MAIZ OTTOFILE  (OTTOFILE CORN)

Farmers from Italy and Africa are working together in Villa Quaglina, a refugee camp in the outskirts of Asti (Italy) producing polenta from Otto file corn, also knows as the eight-row flint corn. This project shows the resulting symbioses between locals and migrants with a positive impact on the food system.

 

In Piedmont, the polenta, until the '50s, was an essential part of the daily diet. The Otto file corn was imported to Italy in the 19th century from New England where Native American tribes cultivated it from centuries. In Italy, farmers selected strictly corn to get the most excellent organoleptic qualities for the polenta. 

 

This corn with colour ranges from yellow to chopped red and spike cylindrical eight files, is cultivated with traditional methods. The corn is harvested by hand without using herbicides or pesticides. The grinding stone enhances the organoleptic characteristics of the cereal flour and leave in all the components of the grain.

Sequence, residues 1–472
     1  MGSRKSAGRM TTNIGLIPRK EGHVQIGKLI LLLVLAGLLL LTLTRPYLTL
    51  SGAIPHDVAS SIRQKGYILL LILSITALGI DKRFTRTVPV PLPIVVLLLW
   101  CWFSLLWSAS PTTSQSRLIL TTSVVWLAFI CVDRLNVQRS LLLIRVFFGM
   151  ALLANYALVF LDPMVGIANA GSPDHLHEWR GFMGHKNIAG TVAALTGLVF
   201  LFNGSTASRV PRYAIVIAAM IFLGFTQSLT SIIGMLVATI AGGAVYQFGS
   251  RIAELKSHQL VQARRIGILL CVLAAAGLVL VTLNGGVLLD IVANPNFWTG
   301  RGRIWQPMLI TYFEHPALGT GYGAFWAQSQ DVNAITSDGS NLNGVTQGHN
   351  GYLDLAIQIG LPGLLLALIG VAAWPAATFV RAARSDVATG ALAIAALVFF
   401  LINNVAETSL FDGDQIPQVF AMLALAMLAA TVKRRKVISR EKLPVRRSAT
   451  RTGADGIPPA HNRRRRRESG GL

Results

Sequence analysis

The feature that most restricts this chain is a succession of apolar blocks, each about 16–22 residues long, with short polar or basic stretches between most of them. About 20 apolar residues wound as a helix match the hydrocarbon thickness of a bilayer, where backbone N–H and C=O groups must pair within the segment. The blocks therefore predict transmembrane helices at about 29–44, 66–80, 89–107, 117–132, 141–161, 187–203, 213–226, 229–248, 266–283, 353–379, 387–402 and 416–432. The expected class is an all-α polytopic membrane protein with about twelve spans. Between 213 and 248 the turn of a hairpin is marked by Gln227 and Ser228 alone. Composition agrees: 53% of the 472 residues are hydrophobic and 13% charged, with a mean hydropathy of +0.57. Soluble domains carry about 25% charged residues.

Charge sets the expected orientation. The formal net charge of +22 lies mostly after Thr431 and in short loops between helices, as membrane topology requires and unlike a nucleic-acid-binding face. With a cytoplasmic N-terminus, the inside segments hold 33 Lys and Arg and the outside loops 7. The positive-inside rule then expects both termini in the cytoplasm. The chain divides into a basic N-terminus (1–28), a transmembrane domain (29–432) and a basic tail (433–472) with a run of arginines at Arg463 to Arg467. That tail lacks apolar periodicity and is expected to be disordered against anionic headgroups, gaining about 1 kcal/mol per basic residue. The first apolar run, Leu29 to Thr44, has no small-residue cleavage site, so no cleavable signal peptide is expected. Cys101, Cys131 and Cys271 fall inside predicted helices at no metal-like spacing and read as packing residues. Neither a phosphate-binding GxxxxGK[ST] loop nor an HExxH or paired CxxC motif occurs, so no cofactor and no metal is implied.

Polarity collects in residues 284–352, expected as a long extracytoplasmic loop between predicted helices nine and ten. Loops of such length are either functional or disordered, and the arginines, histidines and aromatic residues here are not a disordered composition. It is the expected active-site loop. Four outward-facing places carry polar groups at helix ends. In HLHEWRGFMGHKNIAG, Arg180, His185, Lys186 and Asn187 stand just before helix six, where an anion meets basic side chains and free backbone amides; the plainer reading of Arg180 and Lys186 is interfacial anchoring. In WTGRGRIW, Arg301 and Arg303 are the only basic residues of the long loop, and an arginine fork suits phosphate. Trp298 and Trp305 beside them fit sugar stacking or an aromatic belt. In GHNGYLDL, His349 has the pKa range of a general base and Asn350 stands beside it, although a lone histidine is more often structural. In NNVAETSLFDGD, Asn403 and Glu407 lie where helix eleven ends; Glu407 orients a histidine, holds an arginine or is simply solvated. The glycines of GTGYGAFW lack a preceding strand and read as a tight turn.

After World War II, the Otto file corn was replaced by hybrid varieties of American origin for greater simplicity in the cultivation and increased production. In the early 80s, the Otto file corn was saved from extinction thanks to the desire of local Italian farmers like Nandino Destefani, now 75 years old. 

Nandino and African farmers like Madimodi, Karamo and Friday are developing and expanding its agricultural activity. Madimodi, a refugee from Mali, arrived in Italy after fleeing the Northern Mali conflict in 2012. African migrants coming from countries immersed in wars are the ones helping to rescue those forgotten crops.

By Quintina Valero

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